Other models of intense interest are those supporting an apoptosis-related autoantigen clearance defect, for example C1q knockout, DNase1-deficient, and serum-amyloid-P-deficient mice. These models have shown several important pathogenic abnormalities, including reduced macrophage clearance of apoptotic cells and increased concentrations of apoptotic bodies, in tissue samples associated with development of glomerulonephritis [1013].

      Human linkage studies in systemic lupus erythematosus

      The traditional approach for locating a disease gene in humans is linkage analysis. Results from mouse models of SLE presented the first evidence for genetic linkage to an area of chromosome 1 in the mouse that is syntenic to human chromosome 1q23-42. In 1997, Tsao et al [14] published linkage evidence on the long arm of chromosome 1q41-42, using 43 families with 52 affected sibling pairs of mixed origin. Several additional linkage studies have been performed using sib-pairs and extended family pedigrees [1519]. The parameters and test populations for each study as well as the genomic intervals detected in at least two mapping studies are summarised in Tables 2 and 3.
      Table 2

      Summary of human linkage studies in systemic lupus erythematosus

      Study parameter

      Moser et al (1998) [15]

      Gaffney et al (1998) [16]

      Gaffney et al (2000) [17]

      Shai et al (1999) [18]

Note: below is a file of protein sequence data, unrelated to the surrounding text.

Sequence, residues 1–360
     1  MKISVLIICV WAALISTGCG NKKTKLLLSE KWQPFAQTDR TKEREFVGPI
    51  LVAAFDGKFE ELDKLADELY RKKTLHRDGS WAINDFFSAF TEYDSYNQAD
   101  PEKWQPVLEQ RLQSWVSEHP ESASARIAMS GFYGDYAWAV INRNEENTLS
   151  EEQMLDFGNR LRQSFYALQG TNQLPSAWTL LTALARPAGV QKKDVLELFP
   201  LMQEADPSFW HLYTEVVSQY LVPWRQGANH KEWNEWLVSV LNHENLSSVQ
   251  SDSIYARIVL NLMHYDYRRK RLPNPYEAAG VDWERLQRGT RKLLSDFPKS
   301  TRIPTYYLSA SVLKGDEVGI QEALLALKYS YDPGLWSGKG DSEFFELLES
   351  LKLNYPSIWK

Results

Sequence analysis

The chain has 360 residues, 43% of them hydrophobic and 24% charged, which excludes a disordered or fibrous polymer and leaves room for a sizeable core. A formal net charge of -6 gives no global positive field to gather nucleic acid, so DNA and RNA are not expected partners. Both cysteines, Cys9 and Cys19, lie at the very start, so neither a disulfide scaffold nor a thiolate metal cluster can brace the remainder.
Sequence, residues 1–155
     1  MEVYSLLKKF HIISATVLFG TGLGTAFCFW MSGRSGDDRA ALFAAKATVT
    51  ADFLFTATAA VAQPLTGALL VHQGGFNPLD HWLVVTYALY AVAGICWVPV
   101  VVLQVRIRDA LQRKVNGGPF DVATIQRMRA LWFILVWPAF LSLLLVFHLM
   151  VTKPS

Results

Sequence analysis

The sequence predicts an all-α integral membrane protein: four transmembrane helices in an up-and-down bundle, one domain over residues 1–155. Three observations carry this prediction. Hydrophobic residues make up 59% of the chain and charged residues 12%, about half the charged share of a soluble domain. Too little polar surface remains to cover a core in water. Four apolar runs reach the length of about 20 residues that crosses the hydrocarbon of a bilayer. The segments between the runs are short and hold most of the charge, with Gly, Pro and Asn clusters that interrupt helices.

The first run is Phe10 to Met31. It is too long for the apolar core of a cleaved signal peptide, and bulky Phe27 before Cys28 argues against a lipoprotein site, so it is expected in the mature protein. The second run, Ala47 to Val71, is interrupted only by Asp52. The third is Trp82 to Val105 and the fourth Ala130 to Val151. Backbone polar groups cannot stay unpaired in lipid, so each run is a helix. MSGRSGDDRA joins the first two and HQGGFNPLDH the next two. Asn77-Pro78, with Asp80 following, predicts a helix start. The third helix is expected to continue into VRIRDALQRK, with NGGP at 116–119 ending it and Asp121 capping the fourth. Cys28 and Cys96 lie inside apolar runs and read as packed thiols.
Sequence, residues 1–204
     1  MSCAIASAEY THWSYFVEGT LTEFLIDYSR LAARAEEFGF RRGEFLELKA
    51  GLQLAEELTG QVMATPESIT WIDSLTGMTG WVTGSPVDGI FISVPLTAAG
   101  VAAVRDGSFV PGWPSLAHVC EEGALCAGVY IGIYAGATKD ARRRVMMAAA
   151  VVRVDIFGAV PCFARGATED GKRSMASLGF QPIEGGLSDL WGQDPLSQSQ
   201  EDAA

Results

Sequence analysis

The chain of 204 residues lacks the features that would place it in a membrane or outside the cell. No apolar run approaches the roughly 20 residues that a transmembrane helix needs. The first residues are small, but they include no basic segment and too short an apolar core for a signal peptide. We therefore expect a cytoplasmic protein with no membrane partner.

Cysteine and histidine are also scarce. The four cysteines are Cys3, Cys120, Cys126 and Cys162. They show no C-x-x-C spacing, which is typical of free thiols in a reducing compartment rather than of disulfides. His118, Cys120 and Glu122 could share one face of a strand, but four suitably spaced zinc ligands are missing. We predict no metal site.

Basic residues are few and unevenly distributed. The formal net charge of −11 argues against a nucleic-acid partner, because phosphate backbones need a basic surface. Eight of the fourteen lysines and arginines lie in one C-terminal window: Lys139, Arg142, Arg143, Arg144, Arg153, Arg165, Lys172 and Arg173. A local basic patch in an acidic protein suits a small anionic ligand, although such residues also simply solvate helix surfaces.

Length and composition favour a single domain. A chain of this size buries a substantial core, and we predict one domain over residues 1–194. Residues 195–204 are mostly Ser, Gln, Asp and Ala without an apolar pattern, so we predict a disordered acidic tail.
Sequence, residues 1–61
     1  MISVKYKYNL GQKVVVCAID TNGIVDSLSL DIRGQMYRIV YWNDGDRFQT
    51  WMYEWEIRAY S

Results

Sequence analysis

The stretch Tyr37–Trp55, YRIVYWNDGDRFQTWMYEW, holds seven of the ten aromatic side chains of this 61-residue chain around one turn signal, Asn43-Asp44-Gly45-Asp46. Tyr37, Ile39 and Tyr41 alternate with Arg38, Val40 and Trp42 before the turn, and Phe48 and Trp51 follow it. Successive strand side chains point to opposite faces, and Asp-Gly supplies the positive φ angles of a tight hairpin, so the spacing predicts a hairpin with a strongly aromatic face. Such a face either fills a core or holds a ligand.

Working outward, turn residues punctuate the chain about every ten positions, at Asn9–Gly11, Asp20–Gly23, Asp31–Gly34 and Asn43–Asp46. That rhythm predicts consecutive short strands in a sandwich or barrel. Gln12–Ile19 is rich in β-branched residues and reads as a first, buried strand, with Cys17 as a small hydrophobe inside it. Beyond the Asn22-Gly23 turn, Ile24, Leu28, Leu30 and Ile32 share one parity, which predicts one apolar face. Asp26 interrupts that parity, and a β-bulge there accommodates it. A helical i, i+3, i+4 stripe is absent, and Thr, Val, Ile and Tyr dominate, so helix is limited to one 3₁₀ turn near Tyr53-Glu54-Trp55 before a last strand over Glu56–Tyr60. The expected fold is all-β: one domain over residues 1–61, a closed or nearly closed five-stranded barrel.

Lindqvist et al (2000) [19]

      Number of families

      94

      105

      82

      80

      19

      Type of study

      Extended

      Sib-pair

      Sib-pair

      Extended

      Extended

       

      pedigrees

        

      pedigrees

      pedigrees

      Number of affected individuals

      220

      220

      179

      188

      44

      Number of unaffected individuals

      313

      155

      101

      246

      52

      Number of ethnic groups

      2

      5

      4

      2

      1

      Ethnicity of families studied

           

         White

      0

      84

      64

      37

      19

         Mexican American

      0

      0

      0

      43

      0

         African American

      31

      6

      12

      0

      0

         Hispanic

      0

      8

      5

      0

      0

         European American

      55

      0

      0

      0

      0

         Asian

      0

      3

      0

      0

      0

         Mixed heritage

      0

      4

      1

      0

      0

      Number of loci analysed

      312

      341

      366

      350

      336

      Basis of linkage

      LOD = 1.5

      LOD = 1.0

      LOD = 1.0

      NPLZ >1.5

      LOD = 1.0

      Statistical methods

      Model-based,

      Nonparametric

      Nonparametric

      Nonparametric

      Model-based

       

      then nonparametric

          

      Information taken from from references [1519]. LOD = logarithm of the odds; NPLZ = nonparametric linkage Zall statistic.

      Table 3

      Human systemic lupus erythematosus susceptibility loci identified in two or more mapping studies